Johor Bahru

By taxi

Normal Singaporean taxis are not allowed to cross into Malaysia (and vice versa). Specially licensed Singaporean taxis permitted to go to a single point in JB can be booked by phone (Johor Taxi Service from Singapore, tel. +656296-7054, SG$ 45.00 one way to fixed point in Johor Baru, Kotaraya), while Malaysian taxis (which can go anywhere in Malaysia) can be taken from Rochor Rd at premium rates. A combination ride from anywhere in Singapore to anywhere in Malaysia can also be arranged, but you'll need to swap cabs halfway through: this will cost S$40 and up, paid to the Singaporean driver. In the reverse direction towards Singapore, you can take taxis from Kotaraya to any point in central Singapore (S$30) or Changi Airport (S$40).

You can also opt to share taxis from Rochor Rd, which usually works out to around S$7 per person with four people. The main advantage here is that you don't need to lug your stuff (or yourself) through Customs at both ends; you can just sit in the car.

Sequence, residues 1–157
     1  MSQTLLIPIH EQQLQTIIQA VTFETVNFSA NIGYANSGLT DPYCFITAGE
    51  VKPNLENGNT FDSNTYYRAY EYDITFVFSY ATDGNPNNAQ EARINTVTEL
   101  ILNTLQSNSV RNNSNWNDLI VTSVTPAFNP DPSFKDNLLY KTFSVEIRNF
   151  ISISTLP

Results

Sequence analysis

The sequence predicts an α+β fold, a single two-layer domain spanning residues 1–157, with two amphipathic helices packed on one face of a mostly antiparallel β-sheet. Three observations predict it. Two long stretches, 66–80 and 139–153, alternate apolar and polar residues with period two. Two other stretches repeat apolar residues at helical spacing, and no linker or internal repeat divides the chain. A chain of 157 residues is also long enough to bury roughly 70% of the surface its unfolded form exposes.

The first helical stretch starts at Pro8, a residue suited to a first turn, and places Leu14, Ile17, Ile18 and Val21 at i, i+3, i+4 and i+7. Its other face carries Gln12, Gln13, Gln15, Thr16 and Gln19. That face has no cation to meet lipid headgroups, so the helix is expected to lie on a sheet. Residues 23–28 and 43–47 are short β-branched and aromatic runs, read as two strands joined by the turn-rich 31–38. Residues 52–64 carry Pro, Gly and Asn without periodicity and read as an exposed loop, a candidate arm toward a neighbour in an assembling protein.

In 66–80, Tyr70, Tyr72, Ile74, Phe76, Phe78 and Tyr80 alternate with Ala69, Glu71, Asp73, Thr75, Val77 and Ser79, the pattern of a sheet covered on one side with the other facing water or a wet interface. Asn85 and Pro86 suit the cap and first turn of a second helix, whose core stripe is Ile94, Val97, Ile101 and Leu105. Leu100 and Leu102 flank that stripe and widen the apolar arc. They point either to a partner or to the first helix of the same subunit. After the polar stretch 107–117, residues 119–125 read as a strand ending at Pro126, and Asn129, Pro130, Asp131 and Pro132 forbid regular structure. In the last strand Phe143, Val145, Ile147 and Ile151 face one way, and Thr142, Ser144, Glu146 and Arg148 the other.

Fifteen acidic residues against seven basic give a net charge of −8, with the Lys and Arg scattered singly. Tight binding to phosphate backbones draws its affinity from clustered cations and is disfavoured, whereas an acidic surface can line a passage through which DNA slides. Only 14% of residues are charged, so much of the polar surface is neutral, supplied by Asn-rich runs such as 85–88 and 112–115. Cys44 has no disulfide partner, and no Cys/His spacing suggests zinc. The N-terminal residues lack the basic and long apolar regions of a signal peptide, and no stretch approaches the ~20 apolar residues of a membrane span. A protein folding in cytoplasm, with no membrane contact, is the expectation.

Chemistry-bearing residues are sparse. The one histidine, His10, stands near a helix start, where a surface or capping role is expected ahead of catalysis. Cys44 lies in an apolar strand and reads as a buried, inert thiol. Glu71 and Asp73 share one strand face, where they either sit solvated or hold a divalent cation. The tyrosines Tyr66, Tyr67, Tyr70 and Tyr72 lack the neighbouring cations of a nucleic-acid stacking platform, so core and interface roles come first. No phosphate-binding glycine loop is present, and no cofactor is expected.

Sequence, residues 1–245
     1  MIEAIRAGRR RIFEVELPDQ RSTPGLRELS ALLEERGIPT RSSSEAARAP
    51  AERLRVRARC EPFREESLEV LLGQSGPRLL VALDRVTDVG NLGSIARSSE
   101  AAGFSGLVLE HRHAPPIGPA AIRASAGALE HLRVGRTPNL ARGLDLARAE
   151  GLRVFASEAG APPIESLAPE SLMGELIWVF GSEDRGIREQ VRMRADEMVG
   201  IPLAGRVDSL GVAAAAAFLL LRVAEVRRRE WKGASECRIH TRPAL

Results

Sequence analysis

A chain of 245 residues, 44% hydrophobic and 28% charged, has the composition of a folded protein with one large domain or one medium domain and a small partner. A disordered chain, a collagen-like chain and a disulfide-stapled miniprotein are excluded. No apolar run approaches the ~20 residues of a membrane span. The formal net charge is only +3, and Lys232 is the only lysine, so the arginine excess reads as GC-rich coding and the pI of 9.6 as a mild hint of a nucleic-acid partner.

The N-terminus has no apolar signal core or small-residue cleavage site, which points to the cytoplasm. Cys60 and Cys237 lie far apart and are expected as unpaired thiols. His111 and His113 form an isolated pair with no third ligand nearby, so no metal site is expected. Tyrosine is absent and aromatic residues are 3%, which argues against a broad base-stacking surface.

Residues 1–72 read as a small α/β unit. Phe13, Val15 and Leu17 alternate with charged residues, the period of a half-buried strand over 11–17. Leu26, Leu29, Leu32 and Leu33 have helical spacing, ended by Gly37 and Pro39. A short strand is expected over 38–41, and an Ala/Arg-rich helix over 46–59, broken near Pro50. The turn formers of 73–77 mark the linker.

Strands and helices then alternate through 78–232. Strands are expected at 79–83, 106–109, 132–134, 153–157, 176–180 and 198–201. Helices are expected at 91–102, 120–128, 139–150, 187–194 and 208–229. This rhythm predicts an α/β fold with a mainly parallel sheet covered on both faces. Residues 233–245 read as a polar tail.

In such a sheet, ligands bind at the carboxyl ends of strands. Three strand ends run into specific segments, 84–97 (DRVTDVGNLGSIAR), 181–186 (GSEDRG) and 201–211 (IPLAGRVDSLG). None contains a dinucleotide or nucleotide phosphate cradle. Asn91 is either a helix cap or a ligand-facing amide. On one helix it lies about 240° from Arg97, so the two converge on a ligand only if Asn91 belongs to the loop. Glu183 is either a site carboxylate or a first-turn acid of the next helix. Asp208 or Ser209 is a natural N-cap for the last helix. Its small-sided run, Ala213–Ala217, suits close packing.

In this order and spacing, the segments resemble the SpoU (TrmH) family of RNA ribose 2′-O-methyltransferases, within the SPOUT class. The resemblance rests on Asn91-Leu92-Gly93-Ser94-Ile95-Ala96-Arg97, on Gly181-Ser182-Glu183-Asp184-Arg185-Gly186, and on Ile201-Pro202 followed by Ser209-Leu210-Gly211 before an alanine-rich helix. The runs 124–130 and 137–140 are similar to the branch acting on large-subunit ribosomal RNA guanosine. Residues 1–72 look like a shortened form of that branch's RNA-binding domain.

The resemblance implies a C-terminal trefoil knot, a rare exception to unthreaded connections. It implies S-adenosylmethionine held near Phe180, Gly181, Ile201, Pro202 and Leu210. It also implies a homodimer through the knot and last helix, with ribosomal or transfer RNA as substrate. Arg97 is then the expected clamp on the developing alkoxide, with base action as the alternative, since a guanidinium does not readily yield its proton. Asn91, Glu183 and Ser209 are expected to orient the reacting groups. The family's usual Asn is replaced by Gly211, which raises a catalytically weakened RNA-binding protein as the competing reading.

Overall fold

The most expensive option is to take a limousine taxi specially licensed to take passengers from any point to any destination, but only a few are available and they charge a steep RM150 per trip. Advance booking is highly recommended, tel. +607-5991622.

Johor Bahru

By car

Driving a car from Singapore to Malaysia is relatively uncomplicated, although small tolls are charged for both crossing and (for the Second Link) the adjoining expressway. Do be sure to change some ringgit before crossing, as Singapore dollars are accepted only at the unfavorable rate of 1:1.

Entering Singapore with a foreign-registered car is more complicated and expensive. You will need to purchase a S$10 AutoPass (AP) card and use it to pay a Vehicle Entry Permit of S$20 per day (weekdays only) and either rent an In-vehicle Unit (IU) for payment of road pricing charges or pay a flat fee of S$5 per day. See the LTA's Driving Into & Out of Singapore ( guide for the today's bureaucratic details.